Air Drop Question

Discussion in 'iPad' started by vdammer, Mar 8, 2017.

  1. vdammer macrumors newbie

    Mar 8, 2017
    I'm an assistant principal at a school and we are having trouble with kids Air Dropping things onto other kids and teachers computers. Whenever the users # has come up, we have had our tech guys trace it. The past two times it has been traced to kids who have no evidence of this on their device.

    Today in fact, I took the student's iPad, but the other student who was receiving messages from "this iPad" is still receiving them...even though the iPad is literally in my hands. How is this happening? Is there any way of tracing where this is coming from? This kids is getting death threats and I'm concerned if kids can do this but make it look like it's coming from someone else.

    Please help!
  2. steve knight macrumors 68030

    steve knight

    Jan 28, 2009
    usually the ipad getting the airdrop has to ok it. How does this get around that?
  3. vdammer thread starter macrumors newbie

    Mar 8, 2017
    --- Post Merged, Mar 8, 2017 ---
    Yes, most times this has to be accepted...but these are kids and accept whatever comes across their screen.

    We have also had issues where teachers have music that just comes up blaring on their computer. They are not accepting anything and obviously do not want this. We do have Air Server and Apple TVs too so maybe it's not an Air Server issue?
  4. steve knight macrumors 68030

    steve knight

    Jan 28, 2009
    yes kids will be kids. but now I am past my expertise.
  5. ericwn macrumors 68020

    Apr 24, 2016
    The issue with the music might be students using Airplay to play content on an Apple TV. Maybe check the Apple TV's settings, maybe just enabling conference room display (might have a different name, not at home right now) will solve this already. It requires a code displayed on the TV in order to connect. Best success!
  6. Ledgem macrumors 68000


    Jan 18, 2008
    Hawaii, USA
    Are the devices in question the property of the school, or the personal devices of the students? If it's a personal device, I'd advise them to change their AirDrop settings to "Contacts Only." This has two effects:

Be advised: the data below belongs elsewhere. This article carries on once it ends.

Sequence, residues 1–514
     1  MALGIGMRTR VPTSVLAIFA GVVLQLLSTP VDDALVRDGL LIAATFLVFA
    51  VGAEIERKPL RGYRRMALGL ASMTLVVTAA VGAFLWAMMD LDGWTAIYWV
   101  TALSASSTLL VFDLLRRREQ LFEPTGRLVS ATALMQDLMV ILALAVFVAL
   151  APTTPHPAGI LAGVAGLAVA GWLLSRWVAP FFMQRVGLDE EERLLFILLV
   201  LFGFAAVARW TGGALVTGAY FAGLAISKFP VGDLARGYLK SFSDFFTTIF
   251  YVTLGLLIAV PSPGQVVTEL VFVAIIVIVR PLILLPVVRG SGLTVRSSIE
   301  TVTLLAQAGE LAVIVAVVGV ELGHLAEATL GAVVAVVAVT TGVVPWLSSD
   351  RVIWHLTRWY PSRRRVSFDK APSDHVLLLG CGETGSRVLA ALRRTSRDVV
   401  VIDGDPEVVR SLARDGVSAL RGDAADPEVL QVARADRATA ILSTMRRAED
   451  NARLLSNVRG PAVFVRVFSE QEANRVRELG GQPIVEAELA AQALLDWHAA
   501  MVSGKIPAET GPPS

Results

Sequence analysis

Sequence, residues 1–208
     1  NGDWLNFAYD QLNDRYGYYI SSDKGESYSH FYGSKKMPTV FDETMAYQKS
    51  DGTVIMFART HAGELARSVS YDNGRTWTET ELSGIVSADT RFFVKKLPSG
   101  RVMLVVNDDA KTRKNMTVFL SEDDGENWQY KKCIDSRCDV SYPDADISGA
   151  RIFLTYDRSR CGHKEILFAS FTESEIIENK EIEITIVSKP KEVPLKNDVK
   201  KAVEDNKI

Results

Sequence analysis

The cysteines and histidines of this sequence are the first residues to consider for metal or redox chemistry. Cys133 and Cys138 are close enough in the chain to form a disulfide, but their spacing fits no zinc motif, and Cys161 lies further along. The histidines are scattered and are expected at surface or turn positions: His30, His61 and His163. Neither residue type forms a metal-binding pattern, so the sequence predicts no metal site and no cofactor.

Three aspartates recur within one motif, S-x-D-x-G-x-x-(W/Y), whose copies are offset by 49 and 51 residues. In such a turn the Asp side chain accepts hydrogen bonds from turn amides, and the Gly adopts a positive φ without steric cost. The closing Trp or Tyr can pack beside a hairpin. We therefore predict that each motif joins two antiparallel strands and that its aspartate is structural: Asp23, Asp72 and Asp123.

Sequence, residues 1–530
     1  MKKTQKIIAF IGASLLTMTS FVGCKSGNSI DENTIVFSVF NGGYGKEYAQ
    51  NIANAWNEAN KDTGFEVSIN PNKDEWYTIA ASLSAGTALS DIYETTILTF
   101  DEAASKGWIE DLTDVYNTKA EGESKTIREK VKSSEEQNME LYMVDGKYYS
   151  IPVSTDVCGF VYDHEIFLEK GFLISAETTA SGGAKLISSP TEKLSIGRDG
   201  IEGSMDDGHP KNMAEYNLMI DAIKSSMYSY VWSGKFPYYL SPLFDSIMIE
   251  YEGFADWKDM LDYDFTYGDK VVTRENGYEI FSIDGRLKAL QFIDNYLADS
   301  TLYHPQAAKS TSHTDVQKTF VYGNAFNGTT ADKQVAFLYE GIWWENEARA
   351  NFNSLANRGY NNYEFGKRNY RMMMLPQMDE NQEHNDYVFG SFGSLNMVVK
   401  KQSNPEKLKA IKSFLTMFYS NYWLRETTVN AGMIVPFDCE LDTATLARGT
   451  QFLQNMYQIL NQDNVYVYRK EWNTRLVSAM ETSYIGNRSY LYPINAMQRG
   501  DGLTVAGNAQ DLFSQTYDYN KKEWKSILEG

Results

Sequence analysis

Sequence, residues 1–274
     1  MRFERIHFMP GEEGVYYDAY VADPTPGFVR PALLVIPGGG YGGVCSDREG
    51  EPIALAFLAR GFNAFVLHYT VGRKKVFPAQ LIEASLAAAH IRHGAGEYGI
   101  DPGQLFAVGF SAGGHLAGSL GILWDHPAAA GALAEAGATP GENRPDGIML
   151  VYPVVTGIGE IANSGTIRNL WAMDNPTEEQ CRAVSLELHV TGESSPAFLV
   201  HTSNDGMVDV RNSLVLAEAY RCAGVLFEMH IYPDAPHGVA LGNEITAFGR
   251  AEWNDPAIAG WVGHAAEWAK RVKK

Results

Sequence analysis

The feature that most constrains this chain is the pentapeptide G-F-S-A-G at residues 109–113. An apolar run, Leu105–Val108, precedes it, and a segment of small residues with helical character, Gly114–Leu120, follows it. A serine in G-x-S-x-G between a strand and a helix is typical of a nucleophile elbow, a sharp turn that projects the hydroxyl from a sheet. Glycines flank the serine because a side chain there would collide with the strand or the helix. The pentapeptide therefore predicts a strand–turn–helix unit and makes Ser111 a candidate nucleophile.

1) It should prevent children from receiving things from classmates who aren't close enough to be on their contacts list;
    2) It will prevent spoofing and clearly identify who (or whose device) is initiating the send. Accepting AirDrop from "everyone" will cause the device name (which can easily be changed in settings) to show up as the sender, but if the sender is in the Contact List, then the device name is replaced by the Contact List entry.

    If the devices belong to the school, I'm not sure what options you have to lock the devices down and disable Bluetooth (and thereby, disable AirDrop).

    I have no experience with Air Server, but Apple TVs can be locked down. I'm not sure exactly how far the security can go; in most cases the code to connect is displayed on a screen, which would still make it easy for students to connect. I'd be surprised if you couldn't have a more secure option, though.

    As an aside, thanks for doing what you're doing in the education system. Thinking about these issues reminds me of how happy I was to be done with grade school.
  7. tgara macrumors 6502a


    Jul 17, 2012
    Connecticut, USA
    I don't have an answer to your question, but I just finished listening to a podcast by Fraser Speirs, an educator in Scotland who works with the iPad extensively in the classroom. He noted in the podcast that he uses Airdrop all the time to deliver materials to students and without the problems you described. You might want to reach out to him for advice.

    Good luck.
  8. steve23094, Mar 9, 2017
    Last edited: Mar 9, 2017

    steve23094 macrumors 68020


    Apr 23, 2013
    Why are these students allowed to have their devices out and used in class causing a distraction? Isn't this the equivalent of passing notes and should be banned? If the devices are used in the lesson why aren't the students educated not to accept incoming Airdrops or to just turn off Bluetooth? If the tech can't be made to bend to your will shouldn't you look into these options?
  9. Badrottie Suspended


    May 8, 2011
    Los Angeles
    Wait.....did you check to make sure Julian Assanges is not in any of classes?
  10. neutrino23 macrumors 68000

    Feb 14, 2003
    SF Bay area
    There is not a lot of control for Airdrop. You can turn it on, off, or restrict it to devices whose owners are in your Contact list. If kids want to play with this I don't see how you stop it.

    If kids want to stop it they can set it to Contacts only and then be careful who is in their Contacts. I'm not sure how the devices identify each other. I'm pretty sure it is not simply the name of the device. Maybe the Apple ID?

    The name that shows up is not unique. It is whatever name you set for your iPad. There could be many iPads at school named "this iPad".

    I would go to an Apple Store and get help there. There might be some more information available.

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9 March 8, 2017